Mahan, in his fourth year on Tour, hit a 2-foot birdie putt on the first playoff hole to beat 40-year-old journeyman Jay Williamson.
Mahan, 25, had just one other top-10 finish this year, tying for fifth at the Shell Houston Open in April. But he plays this tournament well, posting one of his two career second-place finishes.
His 62 on Thursday was one shot off the course record, and his 71 on Friday was his first round out of the 60s in this tournament since he shot a 72 during the third round in 2005.
'After that 62, I felt it almost came out of nowhere. ... I felt like I could play good here, I know I can win.'
He shot a 65 Sunday. Trailing by a stroke on the final hole, he hit a 144-yard approach to within 7 feet. After Williamson missed a 12-footer for birdie, Mahan put his in the back of the cup, pumping his fist and sending the pair back to the tee.
Mahan then hit his 134-yard approach on the first playoff hole within 2 feet.
'I just kept plugging away,' he said. 'Jay gave me a little opening on 18 and I'm glad I made it.'
Williamson was just 7 feet away, but pushed it right.
'I hit it too hard and I hit it too high,' he said. 'I'm not proud of either putt, but I'm proud of the way I played today.'
Mahan earns just over $1 million for the win, and Williamson gets $648,000 for second. Coming into the weekend, Williamson was seventh on the Nationwide Tour money list with $153,249 in earnings.
The second-place finish will be enough to earn Williamson a trip to Flint, Mich., for this week's Buick Open. He was hoping to earn back his PGA TOUR card with a win.
'I really feel like if I was a great putter I would have won by a lot today,' Williamson said. 'But I know what I need to work on to get to that next level.'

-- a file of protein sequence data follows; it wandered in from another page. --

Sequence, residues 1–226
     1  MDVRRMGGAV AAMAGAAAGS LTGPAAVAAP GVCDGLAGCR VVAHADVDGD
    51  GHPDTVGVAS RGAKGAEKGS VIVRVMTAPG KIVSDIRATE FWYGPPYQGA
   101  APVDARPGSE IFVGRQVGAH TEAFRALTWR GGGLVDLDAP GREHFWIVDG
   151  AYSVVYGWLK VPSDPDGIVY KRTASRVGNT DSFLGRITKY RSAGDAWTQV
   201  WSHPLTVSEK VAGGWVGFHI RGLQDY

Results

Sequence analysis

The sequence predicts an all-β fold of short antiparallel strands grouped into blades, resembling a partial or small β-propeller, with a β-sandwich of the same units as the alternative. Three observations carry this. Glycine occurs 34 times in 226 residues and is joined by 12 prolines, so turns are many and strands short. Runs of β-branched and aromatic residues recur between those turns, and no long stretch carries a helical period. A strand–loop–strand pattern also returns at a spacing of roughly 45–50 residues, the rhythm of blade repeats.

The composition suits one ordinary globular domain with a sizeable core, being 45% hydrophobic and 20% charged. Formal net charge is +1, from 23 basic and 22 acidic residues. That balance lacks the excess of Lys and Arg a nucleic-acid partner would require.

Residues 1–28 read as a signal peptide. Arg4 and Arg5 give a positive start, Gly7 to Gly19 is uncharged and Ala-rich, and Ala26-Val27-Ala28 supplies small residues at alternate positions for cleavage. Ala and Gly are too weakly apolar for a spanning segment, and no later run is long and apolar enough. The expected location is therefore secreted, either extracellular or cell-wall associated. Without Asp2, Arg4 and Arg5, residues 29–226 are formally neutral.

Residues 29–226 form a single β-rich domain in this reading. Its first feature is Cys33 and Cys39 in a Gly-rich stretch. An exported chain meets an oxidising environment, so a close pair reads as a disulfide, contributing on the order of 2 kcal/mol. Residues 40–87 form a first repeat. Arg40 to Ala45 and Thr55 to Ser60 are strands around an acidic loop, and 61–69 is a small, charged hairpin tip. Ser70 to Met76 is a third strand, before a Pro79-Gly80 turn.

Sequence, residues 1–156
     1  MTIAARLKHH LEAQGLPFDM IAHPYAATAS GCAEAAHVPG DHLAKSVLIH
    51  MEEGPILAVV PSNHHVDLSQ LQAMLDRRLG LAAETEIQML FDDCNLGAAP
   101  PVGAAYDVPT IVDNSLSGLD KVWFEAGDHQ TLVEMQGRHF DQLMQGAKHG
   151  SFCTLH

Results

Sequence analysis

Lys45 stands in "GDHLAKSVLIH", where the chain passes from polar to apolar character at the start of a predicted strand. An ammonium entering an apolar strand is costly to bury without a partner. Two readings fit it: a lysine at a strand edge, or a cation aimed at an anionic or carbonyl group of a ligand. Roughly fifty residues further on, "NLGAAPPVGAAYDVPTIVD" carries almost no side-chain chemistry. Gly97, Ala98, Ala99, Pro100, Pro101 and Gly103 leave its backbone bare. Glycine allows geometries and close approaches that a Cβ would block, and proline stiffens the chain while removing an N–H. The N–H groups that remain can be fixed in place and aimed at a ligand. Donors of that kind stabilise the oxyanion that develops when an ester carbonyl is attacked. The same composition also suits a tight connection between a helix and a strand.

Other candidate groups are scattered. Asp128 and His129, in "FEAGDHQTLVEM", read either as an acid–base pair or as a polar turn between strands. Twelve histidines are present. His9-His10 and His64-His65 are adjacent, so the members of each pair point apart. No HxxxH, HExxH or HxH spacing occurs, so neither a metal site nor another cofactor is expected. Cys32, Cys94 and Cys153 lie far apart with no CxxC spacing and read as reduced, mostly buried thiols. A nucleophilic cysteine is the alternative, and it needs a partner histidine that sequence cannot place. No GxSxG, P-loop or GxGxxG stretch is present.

Williamson has had 279 other PGA TOUR starts, and his best finish had been a tie for third in the 2003 BellSouth Classic.
A 1989 graduate of nearby Trinity college, where he played hockey and baseball, he said he learned a lot from this tournament.
'I learned that I can play with these guys,' Williamson said. 'And I learned that I'm going to be a golfer for a while.'
Nick O'Hern shot a 66 Sunday to finish at 11-under, good enough for third place and Vijay Singh shot a 65 for fourth.
Singh plans to take next week off, allowing him to rest a sore right elbow, and said he will get an MRI on Monday.
'I'll rest for a few days, and then back to business,' he said.
Mahan made four consecutive birdies, starting at No. 10 and led Williamson by 2-strokes coming down the stretch.
Williamson got back to within a stroke by making birdie on the 15th, and Mahan dropped into a tie for the lead with a bogey on par-3 16th.
Mahan then hit his second shot at 17 over the green, and two-putted for bogey.
Williamson went straight for the pin, and just missed a 20-foot birdie putt, burning the lip right. But his par gave him the lead going into the final hole.
Bo Van Pelt had the shot of the day, following up bogeys on the 14th and 15th holes by acing the 171-yard 16th hole with a 7-iron.
'Bill Haas had hit a really good shot with a 7-iron right before me, so I knew it was the right club,' Van Pelt said. 'It took one hop, and I think then it just kind of dribbled in -- pretty exciting.'
It was the second ace of this tournament and the 28th in the tournament's history. Craig Perks had a hole in one on Thursday on the par-3 eighth hole.
Van Pelt finished the tournament at 8-under, good enough to tie for sixth place.